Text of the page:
Pursuing a state of happiness can feel like a Sisyphean task, even—or especially—when we eventually achieve the things that we thought would make us happy (a higher income, professional success, having more close relationships, and buying nicer things)…and find that they don’t. But what does research say influences our happiness most? And why are we so bad at choosing what makes us happy?
We’ve reviewed the most interesting studies to find the answers, starting with: The pursuit of happiness itself may actually make us less happy.
Psychological Science (2018)
For eighty years, the Harvard Study of Adult Development gathered data on people as they aged to better understand what makes us happy. The key finding? The most important determinant of a person’s happiness is their close relationships.
In 2018, researchers studying life satisfaction found something similar. The investigators, from the University of Leipzig, asked more than 1,000 German citizens how satisfied they were with their lives and then asked what they could do to ensure they were more satisfied with their lives in the future. Some people reported general ideas, some implied that they would take specific actions, and others identified specific actions related to social engagement, like helping others.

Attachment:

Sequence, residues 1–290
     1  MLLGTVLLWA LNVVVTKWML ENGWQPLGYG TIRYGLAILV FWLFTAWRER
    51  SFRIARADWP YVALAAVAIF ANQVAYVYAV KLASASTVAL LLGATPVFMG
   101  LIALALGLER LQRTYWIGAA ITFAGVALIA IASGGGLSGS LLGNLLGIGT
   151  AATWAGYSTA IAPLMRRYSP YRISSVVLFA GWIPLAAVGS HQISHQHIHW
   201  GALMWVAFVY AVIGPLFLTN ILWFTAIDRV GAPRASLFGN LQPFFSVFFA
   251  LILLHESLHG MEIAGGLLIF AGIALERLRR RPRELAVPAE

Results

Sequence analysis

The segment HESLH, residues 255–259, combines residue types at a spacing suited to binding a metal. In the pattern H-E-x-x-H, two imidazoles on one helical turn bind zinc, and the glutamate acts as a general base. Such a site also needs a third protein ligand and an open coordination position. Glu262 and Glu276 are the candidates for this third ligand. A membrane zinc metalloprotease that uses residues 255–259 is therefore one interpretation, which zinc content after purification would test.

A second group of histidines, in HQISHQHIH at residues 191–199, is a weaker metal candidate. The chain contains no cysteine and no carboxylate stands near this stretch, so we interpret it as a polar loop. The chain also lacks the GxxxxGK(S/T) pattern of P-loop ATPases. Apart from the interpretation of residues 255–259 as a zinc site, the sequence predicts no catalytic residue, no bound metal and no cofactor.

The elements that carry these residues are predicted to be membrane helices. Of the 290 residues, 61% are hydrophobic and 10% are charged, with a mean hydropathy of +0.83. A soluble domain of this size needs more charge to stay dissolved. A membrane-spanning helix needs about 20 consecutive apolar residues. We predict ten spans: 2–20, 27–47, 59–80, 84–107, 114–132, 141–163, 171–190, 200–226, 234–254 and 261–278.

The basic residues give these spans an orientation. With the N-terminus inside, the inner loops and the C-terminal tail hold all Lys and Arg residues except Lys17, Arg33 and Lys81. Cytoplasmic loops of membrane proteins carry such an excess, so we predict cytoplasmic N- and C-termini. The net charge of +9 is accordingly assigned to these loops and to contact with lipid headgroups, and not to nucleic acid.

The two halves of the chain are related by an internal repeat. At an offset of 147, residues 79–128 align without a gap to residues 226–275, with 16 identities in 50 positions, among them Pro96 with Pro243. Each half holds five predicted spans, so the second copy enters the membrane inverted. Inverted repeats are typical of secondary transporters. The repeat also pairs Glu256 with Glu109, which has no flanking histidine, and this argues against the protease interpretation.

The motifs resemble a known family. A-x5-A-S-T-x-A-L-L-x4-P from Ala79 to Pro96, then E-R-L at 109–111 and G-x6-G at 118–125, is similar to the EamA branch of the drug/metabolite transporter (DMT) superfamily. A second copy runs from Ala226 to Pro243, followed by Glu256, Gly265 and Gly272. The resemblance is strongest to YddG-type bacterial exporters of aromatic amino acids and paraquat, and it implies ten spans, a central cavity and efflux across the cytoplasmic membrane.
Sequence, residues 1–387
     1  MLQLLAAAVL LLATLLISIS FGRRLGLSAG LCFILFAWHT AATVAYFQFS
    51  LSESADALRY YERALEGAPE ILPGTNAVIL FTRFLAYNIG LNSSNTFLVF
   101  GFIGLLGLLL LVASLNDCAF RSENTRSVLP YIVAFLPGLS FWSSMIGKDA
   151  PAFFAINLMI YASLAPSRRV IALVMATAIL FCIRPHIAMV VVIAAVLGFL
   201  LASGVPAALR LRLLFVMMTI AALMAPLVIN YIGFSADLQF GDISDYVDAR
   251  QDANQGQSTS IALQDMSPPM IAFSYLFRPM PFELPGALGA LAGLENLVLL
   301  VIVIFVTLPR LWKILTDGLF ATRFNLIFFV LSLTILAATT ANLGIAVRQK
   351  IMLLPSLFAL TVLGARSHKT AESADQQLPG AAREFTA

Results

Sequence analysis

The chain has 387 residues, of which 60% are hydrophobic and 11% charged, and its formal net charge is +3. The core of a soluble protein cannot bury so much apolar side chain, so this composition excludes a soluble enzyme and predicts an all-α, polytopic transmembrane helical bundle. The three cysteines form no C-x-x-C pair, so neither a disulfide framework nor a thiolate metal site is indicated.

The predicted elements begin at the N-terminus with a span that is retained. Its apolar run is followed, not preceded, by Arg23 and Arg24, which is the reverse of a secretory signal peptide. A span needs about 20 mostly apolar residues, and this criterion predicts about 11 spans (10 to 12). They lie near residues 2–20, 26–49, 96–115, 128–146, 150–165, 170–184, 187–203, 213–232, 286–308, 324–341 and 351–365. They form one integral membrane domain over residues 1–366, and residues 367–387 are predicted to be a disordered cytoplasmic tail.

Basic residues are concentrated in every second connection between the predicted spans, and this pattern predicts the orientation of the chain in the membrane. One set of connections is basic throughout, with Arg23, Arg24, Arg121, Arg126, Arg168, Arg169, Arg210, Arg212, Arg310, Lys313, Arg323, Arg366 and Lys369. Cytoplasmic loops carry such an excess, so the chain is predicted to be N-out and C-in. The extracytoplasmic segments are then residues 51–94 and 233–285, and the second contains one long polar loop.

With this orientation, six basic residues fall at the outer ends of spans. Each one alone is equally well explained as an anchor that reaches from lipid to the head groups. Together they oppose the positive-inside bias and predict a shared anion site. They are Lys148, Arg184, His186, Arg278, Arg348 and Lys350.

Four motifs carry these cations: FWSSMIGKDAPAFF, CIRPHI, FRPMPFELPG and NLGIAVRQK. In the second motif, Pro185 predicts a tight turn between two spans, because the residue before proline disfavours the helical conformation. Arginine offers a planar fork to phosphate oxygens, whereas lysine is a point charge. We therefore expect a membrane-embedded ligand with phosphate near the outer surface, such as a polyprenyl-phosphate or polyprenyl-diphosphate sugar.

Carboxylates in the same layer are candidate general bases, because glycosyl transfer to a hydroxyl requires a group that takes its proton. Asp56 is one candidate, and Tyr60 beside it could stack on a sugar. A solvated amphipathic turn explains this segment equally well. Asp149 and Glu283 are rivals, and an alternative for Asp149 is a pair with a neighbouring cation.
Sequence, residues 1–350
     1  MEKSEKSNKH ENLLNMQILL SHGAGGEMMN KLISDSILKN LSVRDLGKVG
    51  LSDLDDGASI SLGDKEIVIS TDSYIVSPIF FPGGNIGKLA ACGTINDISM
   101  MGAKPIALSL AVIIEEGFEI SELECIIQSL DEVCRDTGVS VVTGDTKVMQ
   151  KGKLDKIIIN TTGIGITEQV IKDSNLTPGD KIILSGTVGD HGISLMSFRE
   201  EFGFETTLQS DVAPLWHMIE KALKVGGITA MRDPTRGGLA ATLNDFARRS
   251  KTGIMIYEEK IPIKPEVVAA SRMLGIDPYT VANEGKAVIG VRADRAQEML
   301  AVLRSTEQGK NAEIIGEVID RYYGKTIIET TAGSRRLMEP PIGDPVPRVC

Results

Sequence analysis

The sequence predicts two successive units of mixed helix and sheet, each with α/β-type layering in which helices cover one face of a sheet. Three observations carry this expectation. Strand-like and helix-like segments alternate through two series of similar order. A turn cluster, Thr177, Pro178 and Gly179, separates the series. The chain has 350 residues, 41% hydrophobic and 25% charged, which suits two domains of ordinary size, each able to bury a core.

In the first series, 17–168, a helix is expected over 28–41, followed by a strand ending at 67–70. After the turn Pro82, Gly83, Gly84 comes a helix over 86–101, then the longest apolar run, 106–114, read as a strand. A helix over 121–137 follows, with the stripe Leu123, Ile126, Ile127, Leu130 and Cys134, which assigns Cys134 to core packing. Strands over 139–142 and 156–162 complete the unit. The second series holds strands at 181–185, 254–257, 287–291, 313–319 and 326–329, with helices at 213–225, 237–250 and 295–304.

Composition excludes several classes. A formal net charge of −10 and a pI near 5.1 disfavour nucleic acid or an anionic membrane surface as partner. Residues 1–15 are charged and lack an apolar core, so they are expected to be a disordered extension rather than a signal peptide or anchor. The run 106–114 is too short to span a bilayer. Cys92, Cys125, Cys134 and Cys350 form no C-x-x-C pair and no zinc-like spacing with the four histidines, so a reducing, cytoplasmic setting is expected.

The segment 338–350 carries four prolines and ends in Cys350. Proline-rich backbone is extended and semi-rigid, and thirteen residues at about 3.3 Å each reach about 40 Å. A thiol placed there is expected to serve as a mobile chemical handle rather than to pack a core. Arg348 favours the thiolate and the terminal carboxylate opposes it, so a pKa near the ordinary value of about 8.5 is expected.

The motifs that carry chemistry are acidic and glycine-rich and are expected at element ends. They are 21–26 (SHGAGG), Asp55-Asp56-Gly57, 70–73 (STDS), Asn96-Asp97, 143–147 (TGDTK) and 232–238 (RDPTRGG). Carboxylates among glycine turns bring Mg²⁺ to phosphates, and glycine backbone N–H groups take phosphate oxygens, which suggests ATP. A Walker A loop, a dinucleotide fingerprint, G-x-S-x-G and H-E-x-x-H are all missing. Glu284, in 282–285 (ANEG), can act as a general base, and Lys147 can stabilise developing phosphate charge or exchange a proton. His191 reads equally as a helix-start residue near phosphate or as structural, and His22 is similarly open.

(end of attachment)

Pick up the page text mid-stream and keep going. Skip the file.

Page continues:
A year later, the participants were again asked to rate their life satisfaction. The data showed that among those who reported specific actions they would take, the people who described social pursuits were significantly more satisfied with their lives a year later. The authors suggest that this could be due to the fact that nonsocial pursuits, such as getting a new job, may take time away from social interactions and other things that bring joy. People may also overestimate how much that new job will make them happy.
The study speaks to the influence that social relationships have on our well-being: If you want to be happier, spend your time connecting with other people.
Nature Human Behaviour (2018)
According to Maslow’s hierarchy of needs, people must first ensure their survival (food, water, shelter) and safety (security, employment, health) before they can attend to needs that fuel their personal growth and happiness, such as a sense of connection to others, developing self-esteem, and becoming the highest version of themselves. Money is no doubt needed to meet our basic needs and be secure enough to focus time, energy, and resources on fulfillment and happiness. But is there a point at which more money stops paying dividends toward happiness? A new study by researchers from Purdue University and the University of Virginia adds to the body of research suggesting that happiness may not rise indefinitely with income. The technical term for this cutoff point is “income satiation.”